ATLANTA – The two men accused of plotting with a secretary at Coca-Cola Co. (KO) to steal trade secrets from the world's biggest soft drink maker and trying to sell them to archrival PepsiCo Inc. (PEP) each pleaded guilty Monday to one count of conspiracy.
Ibrahim Dimson and Edmund Duhaney both could face up to 10 years in prison and a $250,000 fine when they're sentenced Jan. 29.
Former Coca-Cola secretary Joya Williams is still scheduled to stand trial starting the week of Nov. 13.
"She is absolutely not pleading," said Williams' attorney, Janice Singer.
During the plea hearing in federal court, Duhaney told Judge Owen Forrester that Williams contacted him first and wanted to "make things happen," while Dimson testified that he then was contacted by Duhaney to try to broker a deal with Pepsi.
Duhaney entered his plea as part of a deal with prosecutors and will likely cooperate if the Williams case goes to trial, said assistant U.S. Attorney Bjay Pak.
Duhaney's attorney, Don Samuel, said his client was a "bit player who was very briefly involved as a go-between."
Samuel wouldn't comment on the details of Duhaney's agreement with prosecutors. By cooperating with prosecutors, Duhaney could get a lighter sentence, Pak said, but nothing is guaranteed.
Dimson's attorney, Anna Blitz, refused to comment on why her client decided to change his plea. Pak said no deal was made with Dimson for his guilty plea.
Williams, Dimson and Duhaney were indicted July 11 on federal conspiracy charges. The three were accused of stealing new product samples and confidential documents from Atlanta-based Coca-Cola and trying to sell them to PepsiCo's Pepsi unit, which is second on U.S. soft drink sales to Coca-Cola.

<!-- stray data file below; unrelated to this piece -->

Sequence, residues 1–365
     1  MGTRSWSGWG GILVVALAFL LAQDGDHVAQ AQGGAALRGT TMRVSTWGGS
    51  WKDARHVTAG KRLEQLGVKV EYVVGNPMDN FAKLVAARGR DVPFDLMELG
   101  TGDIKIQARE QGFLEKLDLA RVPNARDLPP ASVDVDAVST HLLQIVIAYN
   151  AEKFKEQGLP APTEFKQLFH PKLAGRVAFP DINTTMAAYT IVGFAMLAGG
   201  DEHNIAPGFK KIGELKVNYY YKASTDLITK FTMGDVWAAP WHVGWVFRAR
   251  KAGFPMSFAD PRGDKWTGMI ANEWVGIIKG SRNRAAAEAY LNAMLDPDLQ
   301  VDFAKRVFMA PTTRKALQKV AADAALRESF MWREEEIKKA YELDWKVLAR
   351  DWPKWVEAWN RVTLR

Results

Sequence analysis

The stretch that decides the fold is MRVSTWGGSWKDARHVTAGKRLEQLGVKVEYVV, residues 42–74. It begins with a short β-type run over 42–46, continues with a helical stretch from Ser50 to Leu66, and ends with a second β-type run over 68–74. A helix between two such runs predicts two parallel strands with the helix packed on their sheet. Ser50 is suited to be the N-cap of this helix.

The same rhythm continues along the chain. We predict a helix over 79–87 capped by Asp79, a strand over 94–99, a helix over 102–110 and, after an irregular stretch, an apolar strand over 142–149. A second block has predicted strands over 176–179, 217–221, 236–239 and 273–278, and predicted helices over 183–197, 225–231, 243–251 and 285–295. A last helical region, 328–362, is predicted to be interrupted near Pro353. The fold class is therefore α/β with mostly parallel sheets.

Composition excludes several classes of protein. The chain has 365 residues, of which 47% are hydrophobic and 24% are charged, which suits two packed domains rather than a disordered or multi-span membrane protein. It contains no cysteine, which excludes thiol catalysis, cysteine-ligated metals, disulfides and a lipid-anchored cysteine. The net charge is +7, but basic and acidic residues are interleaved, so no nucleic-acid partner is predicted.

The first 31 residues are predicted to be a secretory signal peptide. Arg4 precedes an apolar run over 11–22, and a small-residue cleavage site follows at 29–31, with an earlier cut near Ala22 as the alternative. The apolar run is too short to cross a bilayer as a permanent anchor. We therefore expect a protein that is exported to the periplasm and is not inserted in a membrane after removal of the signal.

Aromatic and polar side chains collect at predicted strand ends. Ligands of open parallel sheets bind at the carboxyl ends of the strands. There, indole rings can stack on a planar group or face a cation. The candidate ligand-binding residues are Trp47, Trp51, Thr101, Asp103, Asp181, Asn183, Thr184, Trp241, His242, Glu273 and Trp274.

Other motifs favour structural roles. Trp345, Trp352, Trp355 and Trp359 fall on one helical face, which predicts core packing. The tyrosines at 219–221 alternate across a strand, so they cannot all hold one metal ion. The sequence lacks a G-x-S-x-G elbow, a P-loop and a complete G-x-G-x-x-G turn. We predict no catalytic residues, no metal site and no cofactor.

The alleged plans were foiled after Pepsi, based in Purchase, N.Y., warned Coca-Cola.
The prosecution says a box containing two undisclosed Coca-Colaproduct samples and other confidential company documents was found in Duhaney's home during a search on July 5, the day all three were arrested and the same day a $1.5 million transaction was to occur. Documents were also found in Williams' home.
Fourteen pages of Coke's confidential "marketing playbook" were also found, Pak said.
Coke has declined to reveal which product or products are linked to the samples.
Williams, who has since been fired as an administrative assistant for Coke's global brand director at its Atlanta headquarters, allegedly took the information from the company and gave it to Dimson and Duhaney.
"We're thankful for the diligent efforts of the U.S. Attorney's Office and the FBI in bringing this matter toward closure," said Crystal Walker, a Coke spokeswoman.